|CFP: Angelaki Special Issue on Cosmotechnics (25:3, June 2020)|
Guest editors :
One way forward is a reappraisal of the idea of nature. For example, anthropologists such as Philippe Descola and Eduardo Viveiros de Castro have proposed an unravelling of the concept of nature to show that beneath nature as it is experienced in non-European cultures cannot be reduced to a naturalism, a product of modernity, characterized by an opposition between culture and nature. There is indeed a multi-naturalism, for example, beyond naturalism, there are other ontologies such as animism, analogism and totemism. In addition, this return to the non-modern can be seen as an attempt to reconceptualise the relation between human and the nonhuman, and hence to go beyond the nature and culture dichotomy that so restricts vision to a parochial Western worldview. It is in the same spirit, but as a more pragmatically realist and political gesture, that we wish to raise a parallel question for technology, which is whether it is possible to conceive multiple cosmotechnics and if so what form would this take? Because the efficacy of a return to nature should be questioned, rather it is more urgent to rethink the question of technology and its possibilities.
The concept of cosmotechnics was initially raised by Yuk Hui in The Question Concerning Technology in China. An Essay in Cosmotechnics, a study which carries a preliminary definition as the unification between the moral order and cosmic order through technical activities. In this understanding, all technics are fundamentally cosmological and all cosmologies are fundamentally technical. This emphasis on multiple cosmotechnics has to be distinguished from the so-called multiculturalism which is fundamentally a politics of identity. The multiplicity of cosmotechnics implies multiple epistemologies and epistems which can contribute to the reflection on the development of technologies, hence also allows a discourse on a technodiversity to overcome the homogenisation and planetarisation of the Gestell actualized in the Anthropocene. Hui uses China as example to demonstrate that it is not only possible but also necessary to elaborate on histories of cosmotechnics, and see how these different understandings can be reconsidered and reevaluated so as to re-perspectivize current technological globalization and the complete obliteration of technodiversity from a cosmotechnical perspective. This special issue invites philosophers, anthropologists and humanities scholars to contribute to the reopening of the question of technology in the 21st century.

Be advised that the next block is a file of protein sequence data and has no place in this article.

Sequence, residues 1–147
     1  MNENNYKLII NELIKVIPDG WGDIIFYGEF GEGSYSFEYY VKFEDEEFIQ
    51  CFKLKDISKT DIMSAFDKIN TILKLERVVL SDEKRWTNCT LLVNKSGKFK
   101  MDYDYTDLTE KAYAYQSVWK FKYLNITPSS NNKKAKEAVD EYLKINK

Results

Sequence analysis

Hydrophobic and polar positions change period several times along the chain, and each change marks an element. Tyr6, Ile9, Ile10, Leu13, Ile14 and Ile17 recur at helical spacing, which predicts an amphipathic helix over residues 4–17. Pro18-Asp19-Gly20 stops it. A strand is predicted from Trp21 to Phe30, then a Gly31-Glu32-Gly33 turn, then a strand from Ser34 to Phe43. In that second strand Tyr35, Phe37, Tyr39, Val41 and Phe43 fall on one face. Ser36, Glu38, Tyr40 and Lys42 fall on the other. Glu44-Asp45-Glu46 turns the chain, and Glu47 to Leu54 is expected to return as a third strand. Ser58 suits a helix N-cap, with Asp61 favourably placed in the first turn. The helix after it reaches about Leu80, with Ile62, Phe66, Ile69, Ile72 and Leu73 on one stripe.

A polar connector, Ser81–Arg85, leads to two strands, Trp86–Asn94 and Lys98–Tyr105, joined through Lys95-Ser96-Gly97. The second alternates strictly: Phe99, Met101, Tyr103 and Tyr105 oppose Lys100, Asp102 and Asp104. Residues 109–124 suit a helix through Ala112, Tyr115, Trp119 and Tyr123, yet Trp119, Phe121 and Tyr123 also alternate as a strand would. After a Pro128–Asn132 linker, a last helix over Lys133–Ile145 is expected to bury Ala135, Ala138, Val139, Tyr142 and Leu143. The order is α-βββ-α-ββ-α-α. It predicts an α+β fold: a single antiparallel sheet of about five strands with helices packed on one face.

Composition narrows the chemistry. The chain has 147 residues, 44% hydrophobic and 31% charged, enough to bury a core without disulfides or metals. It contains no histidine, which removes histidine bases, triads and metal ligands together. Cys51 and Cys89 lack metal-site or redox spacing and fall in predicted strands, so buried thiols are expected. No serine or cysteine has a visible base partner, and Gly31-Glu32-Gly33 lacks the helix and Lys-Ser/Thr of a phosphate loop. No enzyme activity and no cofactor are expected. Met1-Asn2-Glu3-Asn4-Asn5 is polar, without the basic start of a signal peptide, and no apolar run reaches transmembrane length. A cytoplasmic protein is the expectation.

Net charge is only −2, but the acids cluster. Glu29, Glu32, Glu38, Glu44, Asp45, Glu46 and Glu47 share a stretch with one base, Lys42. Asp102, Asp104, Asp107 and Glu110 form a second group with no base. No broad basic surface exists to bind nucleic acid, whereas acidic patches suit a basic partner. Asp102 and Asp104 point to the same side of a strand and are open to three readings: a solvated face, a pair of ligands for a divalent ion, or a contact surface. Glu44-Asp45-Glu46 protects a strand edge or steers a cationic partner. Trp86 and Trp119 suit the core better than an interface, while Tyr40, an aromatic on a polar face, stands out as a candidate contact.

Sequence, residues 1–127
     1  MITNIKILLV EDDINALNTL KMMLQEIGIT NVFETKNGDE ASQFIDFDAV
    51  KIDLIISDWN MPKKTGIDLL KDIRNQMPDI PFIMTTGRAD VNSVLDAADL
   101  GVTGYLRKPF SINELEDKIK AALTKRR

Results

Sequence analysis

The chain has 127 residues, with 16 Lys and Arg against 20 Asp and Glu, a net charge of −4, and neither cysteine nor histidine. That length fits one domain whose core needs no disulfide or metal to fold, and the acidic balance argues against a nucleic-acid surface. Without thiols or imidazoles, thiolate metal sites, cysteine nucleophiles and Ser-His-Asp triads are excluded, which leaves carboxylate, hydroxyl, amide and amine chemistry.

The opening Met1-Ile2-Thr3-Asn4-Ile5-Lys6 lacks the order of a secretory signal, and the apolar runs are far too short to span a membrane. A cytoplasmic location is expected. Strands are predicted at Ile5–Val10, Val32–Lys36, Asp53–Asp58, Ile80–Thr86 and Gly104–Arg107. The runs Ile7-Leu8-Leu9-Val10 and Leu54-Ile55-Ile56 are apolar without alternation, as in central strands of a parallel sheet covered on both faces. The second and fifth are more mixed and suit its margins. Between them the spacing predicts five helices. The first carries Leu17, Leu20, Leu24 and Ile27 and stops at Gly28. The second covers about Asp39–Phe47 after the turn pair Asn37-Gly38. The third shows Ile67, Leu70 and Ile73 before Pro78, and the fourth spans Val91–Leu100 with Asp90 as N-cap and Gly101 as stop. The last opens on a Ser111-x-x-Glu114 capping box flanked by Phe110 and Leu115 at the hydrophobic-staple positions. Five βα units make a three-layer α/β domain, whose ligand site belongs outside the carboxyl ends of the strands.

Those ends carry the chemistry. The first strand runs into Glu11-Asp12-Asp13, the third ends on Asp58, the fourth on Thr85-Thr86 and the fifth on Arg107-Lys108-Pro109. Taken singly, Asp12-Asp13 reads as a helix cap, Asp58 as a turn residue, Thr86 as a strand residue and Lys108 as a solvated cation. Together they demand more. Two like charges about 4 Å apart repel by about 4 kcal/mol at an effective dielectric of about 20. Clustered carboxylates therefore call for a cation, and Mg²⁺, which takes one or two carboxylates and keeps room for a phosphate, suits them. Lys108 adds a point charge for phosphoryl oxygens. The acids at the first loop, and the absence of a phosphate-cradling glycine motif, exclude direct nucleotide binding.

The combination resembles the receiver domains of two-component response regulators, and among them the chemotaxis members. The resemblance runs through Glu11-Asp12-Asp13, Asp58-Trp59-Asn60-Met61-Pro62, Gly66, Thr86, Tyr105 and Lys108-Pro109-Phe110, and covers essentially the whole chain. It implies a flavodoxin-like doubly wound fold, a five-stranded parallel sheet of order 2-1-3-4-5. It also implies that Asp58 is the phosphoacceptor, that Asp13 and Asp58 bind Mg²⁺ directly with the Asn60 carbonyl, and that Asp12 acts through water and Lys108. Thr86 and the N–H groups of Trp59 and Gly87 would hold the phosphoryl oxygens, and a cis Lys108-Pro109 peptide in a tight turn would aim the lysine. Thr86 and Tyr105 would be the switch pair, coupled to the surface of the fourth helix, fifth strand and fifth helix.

We look forward to receiving indication of interest, and a title and a 500 words abstract from contributors before 1. January 2019; once abstracts are accepted, authors are supposed to submit their articles before 31 August 2019 for review.
Carl Mitcham, Book Review: ‘Varieties of Technological Experience’, Issues in Science and Technology, Volume XXXIV Issue 4, Summer 2018
Philippe Descola, Beyond Culture and Nature (Chicago University Press, 2013)
Yuk Hui, The Question Concerning Technology in China. An Essay in Cosmotechnics (Urbanomic, 2016)
Yuk Hui, ‘Cosmotechnics as Cosmopolitics’, E-flux 86, 2017
Yuk Hui, ‘On Cosmotechnics: For a Renewed Relation between Technology and Nature in the Anthropocene’, Techné: Research in Philosophy and Technology, 21:2–3 (2017), 1–23
Pieter Lemmens, Vincent Blok & Jochem Zwier ‘Philosophy of Technology in the Age of the Anthropocene’, Editorial for Special Issue of Techne. Research in Philosophy and Technology, Vol. 21, No. 3, 2017
Pieter Lemmens, ‘Re-Orienting the Noosphere. Imagining a New Role for Digital Media in the Era of the Anthropocene’, Glimpse, Vol. 19, 2018.